More than 85,000 fixed penalty notices (FPNs) have been issued for breaches of the Covid restrictions in England since March 2020.

What is a fixed penalty notice?

An FPN allows a penalty to be paid instead of being prosecuted and risking a criminal conviction. Fast payment is incentivised by reducing the penalty for early settlement. If payment is made within the required time, most FPNs do not go on a criminal record. If payment is not made, the individual may be summoned to court for prosecution.

Joint Committee on Human Rights

The Joint Committee on Human Rights is appointed by the House of Commons and the House of Lords to consider matters relating to human rights. The Committee has various powers, including requiring written evidence, examining witnesses and appoint specialist advisers. They can then make proposals for remedial orders, draft remedial orders and remedial orders.

The Committee has produced a report focussing on the following question:

“Is the way that Fixed Penalty Notices (FPNs) are being used to enforce lockdown justifiable, fair and non-discriminatory? Is it clear why FPNs have been issued? Are there adequate ways to seek a review or appeal of an FPN? Are the amounts of FPN fines proportionate? Has there been a disproportionate impact on certain groups?”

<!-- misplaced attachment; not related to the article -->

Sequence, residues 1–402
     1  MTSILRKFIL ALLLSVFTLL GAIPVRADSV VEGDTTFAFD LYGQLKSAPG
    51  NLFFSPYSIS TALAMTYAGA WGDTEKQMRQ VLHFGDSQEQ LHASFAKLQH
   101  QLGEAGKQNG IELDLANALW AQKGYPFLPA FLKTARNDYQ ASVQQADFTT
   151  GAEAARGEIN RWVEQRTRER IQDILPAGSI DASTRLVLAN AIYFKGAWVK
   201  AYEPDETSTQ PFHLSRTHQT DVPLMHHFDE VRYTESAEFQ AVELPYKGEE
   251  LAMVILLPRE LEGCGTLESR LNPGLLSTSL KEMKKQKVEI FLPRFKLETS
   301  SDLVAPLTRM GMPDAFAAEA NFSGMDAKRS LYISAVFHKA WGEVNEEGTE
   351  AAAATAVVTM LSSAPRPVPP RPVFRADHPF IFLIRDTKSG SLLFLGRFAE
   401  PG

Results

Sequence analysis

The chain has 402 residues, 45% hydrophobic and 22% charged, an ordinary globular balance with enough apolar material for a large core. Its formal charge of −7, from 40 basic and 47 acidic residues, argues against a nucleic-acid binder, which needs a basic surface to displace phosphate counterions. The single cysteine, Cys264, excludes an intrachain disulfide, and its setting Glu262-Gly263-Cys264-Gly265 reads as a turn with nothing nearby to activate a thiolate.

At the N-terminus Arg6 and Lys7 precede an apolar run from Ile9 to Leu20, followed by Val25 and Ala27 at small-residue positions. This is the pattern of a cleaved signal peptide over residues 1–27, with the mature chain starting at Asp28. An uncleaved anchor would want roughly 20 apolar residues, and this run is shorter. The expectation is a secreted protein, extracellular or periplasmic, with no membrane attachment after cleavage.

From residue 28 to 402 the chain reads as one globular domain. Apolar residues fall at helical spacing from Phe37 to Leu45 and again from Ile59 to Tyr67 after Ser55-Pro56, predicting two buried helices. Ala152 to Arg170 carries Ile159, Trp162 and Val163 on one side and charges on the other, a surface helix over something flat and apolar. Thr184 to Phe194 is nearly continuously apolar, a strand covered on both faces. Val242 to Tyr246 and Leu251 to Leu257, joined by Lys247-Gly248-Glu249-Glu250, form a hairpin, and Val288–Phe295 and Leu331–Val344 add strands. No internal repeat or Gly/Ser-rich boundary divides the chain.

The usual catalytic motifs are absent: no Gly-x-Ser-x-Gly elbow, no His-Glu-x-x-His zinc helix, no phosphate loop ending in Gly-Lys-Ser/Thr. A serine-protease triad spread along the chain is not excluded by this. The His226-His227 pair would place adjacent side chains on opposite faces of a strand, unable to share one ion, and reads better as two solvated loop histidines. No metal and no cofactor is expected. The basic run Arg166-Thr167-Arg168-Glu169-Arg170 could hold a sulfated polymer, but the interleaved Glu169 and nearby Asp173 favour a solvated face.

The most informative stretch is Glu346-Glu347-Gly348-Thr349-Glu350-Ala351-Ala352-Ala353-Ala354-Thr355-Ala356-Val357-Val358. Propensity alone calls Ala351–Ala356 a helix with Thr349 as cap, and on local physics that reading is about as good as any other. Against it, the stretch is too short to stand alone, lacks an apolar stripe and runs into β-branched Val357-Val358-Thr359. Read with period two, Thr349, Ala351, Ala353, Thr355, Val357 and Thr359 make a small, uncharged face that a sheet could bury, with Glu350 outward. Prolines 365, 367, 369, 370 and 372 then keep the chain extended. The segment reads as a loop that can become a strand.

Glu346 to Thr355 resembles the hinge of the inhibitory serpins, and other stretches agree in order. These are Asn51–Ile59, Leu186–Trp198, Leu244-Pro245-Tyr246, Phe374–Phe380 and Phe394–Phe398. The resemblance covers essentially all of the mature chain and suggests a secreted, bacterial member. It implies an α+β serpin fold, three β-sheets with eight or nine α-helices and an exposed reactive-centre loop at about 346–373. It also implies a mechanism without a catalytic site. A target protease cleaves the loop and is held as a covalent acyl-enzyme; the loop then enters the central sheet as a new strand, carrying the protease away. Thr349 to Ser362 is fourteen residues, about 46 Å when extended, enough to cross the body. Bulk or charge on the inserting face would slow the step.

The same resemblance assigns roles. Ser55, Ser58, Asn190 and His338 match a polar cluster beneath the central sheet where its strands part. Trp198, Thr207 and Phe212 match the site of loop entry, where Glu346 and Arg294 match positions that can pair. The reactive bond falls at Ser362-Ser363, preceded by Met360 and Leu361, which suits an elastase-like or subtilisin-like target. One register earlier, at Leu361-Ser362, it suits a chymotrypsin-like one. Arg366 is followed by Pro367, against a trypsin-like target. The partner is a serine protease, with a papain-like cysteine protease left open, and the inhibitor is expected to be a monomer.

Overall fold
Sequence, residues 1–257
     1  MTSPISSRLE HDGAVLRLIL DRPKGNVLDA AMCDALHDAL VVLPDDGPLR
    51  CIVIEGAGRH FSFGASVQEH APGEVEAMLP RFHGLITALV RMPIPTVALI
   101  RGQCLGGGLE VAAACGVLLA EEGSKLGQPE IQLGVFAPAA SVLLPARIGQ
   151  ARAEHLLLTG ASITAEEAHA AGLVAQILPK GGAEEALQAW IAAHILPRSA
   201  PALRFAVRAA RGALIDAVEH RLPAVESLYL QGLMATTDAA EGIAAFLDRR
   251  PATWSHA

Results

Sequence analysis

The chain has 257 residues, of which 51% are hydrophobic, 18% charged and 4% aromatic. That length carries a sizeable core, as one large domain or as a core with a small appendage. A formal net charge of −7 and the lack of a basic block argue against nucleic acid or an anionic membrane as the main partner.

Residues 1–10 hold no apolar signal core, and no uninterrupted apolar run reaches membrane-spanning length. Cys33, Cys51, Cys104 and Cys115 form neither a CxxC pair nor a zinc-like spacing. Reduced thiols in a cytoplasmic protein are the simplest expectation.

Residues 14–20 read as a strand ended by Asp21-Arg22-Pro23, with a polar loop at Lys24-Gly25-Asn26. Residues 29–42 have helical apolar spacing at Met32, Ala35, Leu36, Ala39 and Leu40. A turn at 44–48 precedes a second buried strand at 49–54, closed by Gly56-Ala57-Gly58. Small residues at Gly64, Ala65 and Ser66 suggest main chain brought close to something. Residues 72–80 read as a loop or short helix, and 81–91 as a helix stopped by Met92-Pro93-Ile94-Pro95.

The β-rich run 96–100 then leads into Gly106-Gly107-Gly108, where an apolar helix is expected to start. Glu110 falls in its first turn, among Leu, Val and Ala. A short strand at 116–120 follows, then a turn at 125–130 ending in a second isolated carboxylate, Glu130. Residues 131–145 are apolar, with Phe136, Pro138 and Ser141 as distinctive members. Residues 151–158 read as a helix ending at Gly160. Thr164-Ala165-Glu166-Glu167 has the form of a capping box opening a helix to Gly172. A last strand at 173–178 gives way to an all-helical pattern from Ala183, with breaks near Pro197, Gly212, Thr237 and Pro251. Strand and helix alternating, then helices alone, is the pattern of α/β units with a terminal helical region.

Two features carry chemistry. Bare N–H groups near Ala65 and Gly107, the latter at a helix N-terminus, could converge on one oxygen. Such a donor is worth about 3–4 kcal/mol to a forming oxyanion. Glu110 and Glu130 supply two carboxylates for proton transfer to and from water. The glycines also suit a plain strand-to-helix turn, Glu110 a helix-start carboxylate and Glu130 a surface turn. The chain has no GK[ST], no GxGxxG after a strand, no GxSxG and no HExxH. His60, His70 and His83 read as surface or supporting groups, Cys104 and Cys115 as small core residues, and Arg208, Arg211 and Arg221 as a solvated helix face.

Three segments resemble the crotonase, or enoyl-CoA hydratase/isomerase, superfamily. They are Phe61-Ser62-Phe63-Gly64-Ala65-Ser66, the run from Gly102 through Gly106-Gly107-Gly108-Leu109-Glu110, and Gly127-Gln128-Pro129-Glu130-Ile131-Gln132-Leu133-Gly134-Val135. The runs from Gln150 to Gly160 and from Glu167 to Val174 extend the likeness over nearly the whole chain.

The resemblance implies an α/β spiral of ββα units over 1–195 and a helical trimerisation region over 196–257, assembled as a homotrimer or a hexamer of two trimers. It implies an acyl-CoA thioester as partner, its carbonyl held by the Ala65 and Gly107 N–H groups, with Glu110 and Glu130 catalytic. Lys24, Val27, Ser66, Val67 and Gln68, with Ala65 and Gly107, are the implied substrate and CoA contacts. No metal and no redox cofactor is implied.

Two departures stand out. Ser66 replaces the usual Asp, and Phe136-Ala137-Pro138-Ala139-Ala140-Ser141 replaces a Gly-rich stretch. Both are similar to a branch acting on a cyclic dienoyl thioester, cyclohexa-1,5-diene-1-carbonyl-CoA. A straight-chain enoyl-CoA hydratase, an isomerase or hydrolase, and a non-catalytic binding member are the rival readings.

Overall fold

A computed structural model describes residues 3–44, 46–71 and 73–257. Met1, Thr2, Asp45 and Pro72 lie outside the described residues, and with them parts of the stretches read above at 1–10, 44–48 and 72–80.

The Committee has looked into the issues surrounding the use of FPNs for breach of Covid restrictions. Their concerns were so serious that the Committee recommended that every penalty issued, all 85,000 of them, is reviewed.

Covid penalties

The penalties imposed for a breach of the regulations range from £200 up to £10,000. The offences include failing to wear a mask, large gatherings, and failing to quarantine or self-isolate.

The Covid FPNs differ from others due to the complex nature of the offences and the high-level penalties that can be imposed. The police have no discretion as to the level of the penalty.

What has caused problems?